Turnout in this year's primaries for Congress and most state governorships surged compared with the last midterms in 2014, particularly among Democrats. Nearly a fifth (19.6%) of registered voters – about 37 million – cast ballots in primary elections for the U.S. House of Representatives – a 56% increase over the 23.7 million who voted in 2014's House primaries. Turnout that year was 13.7% of registered voters.
As elections draw near, voter enthusiasm is at its highest level during any midterm in more than two decades. A record share of registered voters say which party controls Congress will be a factor in their vote.
Across a range of political activities – from attending political rallies to donating to campaigns – voters who back Democratic candidates for Congress are reporting higher levels of political activity than GOP voters.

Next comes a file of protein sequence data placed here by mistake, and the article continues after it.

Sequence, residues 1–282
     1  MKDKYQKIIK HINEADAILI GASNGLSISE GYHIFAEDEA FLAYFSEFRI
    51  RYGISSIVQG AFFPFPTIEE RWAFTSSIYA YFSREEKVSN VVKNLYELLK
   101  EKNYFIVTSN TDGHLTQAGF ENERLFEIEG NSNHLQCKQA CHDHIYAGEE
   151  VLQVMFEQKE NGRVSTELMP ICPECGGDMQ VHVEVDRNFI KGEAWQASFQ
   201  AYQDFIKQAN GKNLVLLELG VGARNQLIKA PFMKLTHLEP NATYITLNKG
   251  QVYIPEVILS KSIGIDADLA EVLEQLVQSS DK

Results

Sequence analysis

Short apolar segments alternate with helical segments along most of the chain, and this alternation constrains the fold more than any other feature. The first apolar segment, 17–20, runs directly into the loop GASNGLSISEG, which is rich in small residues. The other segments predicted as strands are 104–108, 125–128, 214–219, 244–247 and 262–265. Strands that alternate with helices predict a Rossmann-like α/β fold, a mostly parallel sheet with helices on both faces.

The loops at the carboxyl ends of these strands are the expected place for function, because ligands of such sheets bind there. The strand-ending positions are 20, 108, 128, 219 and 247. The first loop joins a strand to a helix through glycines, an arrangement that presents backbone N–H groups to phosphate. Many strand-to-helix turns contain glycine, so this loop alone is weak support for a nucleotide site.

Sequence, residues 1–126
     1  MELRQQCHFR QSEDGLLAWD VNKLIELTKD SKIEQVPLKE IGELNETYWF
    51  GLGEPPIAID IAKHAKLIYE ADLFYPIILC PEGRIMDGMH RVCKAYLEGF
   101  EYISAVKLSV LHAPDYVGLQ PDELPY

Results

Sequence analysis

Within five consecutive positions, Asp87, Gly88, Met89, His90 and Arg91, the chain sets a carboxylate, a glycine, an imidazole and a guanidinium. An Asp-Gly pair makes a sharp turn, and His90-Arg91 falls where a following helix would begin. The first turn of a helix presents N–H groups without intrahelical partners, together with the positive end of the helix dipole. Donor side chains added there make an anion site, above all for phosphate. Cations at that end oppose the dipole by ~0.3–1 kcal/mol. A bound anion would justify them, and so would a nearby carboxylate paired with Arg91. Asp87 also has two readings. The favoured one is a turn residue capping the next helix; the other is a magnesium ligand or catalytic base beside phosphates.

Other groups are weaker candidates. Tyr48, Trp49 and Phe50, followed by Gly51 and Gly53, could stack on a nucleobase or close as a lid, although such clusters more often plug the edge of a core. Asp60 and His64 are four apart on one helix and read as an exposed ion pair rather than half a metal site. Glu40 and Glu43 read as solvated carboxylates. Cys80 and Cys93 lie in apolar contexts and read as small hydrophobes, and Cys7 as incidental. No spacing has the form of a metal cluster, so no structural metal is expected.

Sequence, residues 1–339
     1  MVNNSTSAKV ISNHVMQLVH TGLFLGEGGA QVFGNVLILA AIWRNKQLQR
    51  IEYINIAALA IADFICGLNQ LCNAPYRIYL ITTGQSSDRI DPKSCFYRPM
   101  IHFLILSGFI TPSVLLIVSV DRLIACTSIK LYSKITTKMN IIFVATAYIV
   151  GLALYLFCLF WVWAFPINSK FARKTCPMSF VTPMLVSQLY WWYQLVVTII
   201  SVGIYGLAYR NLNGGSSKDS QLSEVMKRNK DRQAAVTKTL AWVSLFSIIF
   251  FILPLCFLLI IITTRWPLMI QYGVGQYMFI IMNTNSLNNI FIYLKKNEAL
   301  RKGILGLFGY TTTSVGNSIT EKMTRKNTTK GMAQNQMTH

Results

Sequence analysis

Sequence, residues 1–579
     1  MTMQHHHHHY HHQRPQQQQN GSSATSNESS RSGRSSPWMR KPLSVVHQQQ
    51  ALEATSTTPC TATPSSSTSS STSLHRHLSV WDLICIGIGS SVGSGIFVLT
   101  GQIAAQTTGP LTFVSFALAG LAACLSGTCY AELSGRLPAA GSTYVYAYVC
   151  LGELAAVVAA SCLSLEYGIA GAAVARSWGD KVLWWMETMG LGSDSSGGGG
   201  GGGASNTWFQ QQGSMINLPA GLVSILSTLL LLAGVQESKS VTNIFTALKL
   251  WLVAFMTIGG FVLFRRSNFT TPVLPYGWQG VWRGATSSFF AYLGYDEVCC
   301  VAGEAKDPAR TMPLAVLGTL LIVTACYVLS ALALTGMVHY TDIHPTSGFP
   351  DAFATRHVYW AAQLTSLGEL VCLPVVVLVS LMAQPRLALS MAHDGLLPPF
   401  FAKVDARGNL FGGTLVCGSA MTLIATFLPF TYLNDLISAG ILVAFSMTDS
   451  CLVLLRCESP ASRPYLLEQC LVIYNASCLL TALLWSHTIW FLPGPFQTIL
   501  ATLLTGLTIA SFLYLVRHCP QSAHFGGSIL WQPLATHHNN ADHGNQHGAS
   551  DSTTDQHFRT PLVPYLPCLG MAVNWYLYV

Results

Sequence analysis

Generation X and younger generations make up a majority of the U.S. electorate. But if past U.S. midterm election turnout patterns hold true, these younger Americans are unlikely to cast the majority of votes this November.
About 55.7% of the U.S. voting-age population cast ballots in the 2016 presidential election, placing America behind most of its OECD peers.
As of November 2016, an estimated 62 million Millennials were voting-age U.S. citizens – moving closer in number to the 70 million Baby Boomers.
Read a Q&A with Pew Research Center’s Ruth Igielnik and Scott Keeter about a recent study about voter files.
A new analysis demystifies voter files, the widely-used and comprehensive digital databases used to better understand the U.S. electorate.
Probability forecasts have gained prominence in recent years. But these forecasts may confuse potential voters and may even lower the likelihood that they vote.
The 2018 midterm elections will be determined in large part by who goes to the polls and who stays home.